College Admissions Rescinded – How to Protect Yourself

By now, you probably heard about U.C. Irvine’s decision to rescind 499 students admissions offer to attend this coming fall. As you can imagine, this is not a good thing for those students, nor is it a position you want to be in. So, what can you do? It’s the schools right to accept and then rescind an offer, right? Absolutely, it is! But note, this has happened in the past at other schools. You see, rescinded offers can happen for cause, as well as no cause. The University of California, had a problem with their system, where 28,000 students received acceptance letters by mistake in 2009. A couple of years ago, one of my client’s was attending Freshman Orientation weekend with their daughter and a group of students engaged in under-age drinking while on campus that resulted in them being sent home and their admissions rescinded. Then we have Harvard, who rescinded a group of students admissions offers in June of 2017 because of obscene meme’s posted on social media. As you can see, it can happen for a variety of reasons.

In the world of project management, we call this a known unknown risk; meaning we know it is a risk factor, so, we can now plan for it in the event it happens. Because families don’t think of this as an option, they are blindsided when it does happen; leaving them unprepared, frustrated, lost and confused. As a result, all college-bound families should have a contingency plan in place when planning to transition from high school to college. The goal is to mitigate the impact of this happening, since it is out of their control. Nothing is absolute, but here are some tips families can follow to ensure they have options and are not left out in the cold.

  1. Don’t let “senioritis” take over your child. Admissions is granted prior to the completion of student’s senior year. This doesn’t mean students can forget their studies and stop doing homework. Letting their grades tank could result in a rescinded offer, as schools require final transcripts upon high school graduation. According to a study by the National Association for College Admission Counseling (NACAC), colleges say final grades are the reason for revoking admission 68.7 percent of the time.
  2. Meet obligations, but verify weekly. This is what I teach leaders constantly, “trust, but verify.” You can’t do everything and be everywhere. Schools are funneling tens and hundreds of thousands of files, paperwork and information every year and things can happen. After you submit required paperwork, documentation and pay necessary fees, call the school on a bi-weekly basis to ensure all is in order, nothing is missing and nothing has changed.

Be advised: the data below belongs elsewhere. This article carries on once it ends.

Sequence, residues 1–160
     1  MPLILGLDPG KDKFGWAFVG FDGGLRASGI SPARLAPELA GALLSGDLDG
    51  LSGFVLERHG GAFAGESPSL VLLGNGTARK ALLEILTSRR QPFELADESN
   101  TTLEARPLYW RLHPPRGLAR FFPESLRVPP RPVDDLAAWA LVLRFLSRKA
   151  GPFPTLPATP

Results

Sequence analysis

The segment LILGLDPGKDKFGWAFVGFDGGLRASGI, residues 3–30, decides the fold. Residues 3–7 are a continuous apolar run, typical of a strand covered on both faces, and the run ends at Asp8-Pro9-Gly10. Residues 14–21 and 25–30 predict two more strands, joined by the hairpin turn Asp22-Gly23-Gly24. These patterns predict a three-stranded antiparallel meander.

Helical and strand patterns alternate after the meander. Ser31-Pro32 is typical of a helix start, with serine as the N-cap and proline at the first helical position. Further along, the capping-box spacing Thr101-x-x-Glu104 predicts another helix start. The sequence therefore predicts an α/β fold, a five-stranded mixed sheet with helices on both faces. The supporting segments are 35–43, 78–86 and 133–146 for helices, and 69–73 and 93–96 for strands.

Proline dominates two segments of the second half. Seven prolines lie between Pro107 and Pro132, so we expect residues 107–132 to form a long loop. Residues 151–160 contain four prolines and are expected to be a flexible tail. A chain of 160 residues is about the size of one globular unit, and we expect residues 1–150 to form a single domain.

3. Never let your child stop managing their brand. Once graduation time has come, students often lose sight of responsible decision making. They look at the summer as “free time” and a time to let loose and have lots of fun. This is fine, but it need to be within reason and not result in any legal encounters (run ins with the law). Nor should it produce irresponsible social media posts that don’t represent the values of the school or scholarship organization your child will partake in.
  4. Don’t get too comfortable during Freshman Orientation. Freshman Orientation and other campus related invites and activities are additional opportunities for the school to further evaluate whether or not your child is a good fit for their school. It’s like “being on the clock” at work while attending a networking or corporate event. Irresponsible behavior and illegal actions are unacceptable! It’s never too late for a school to rescind their offer.
  5. Have a double backup plan. Families should apply to multiple schools, giving them options. If acceptance was granted, there is a great chance an opportunity still exists, if the original offer was rescinded. Now, the money opportunity may not be the same, but that could be negotiated if your child possess the qualities the school is willing to pay for. As a last resort, attending a community college and transferring later to the school of choice is a way to still start college in the fall. This gives you time to recalibrate and work through the unexpected changes, while being productive at the same time.

Some of these options require sacrifice and/or may not be ideal, but it at least gives your family options. This is better than having no options and stressing about next steps in the midst of the chaos of having your admissions offer rescinded.

“The time to be ready, is never the time to get ready. You must always stay ready!”

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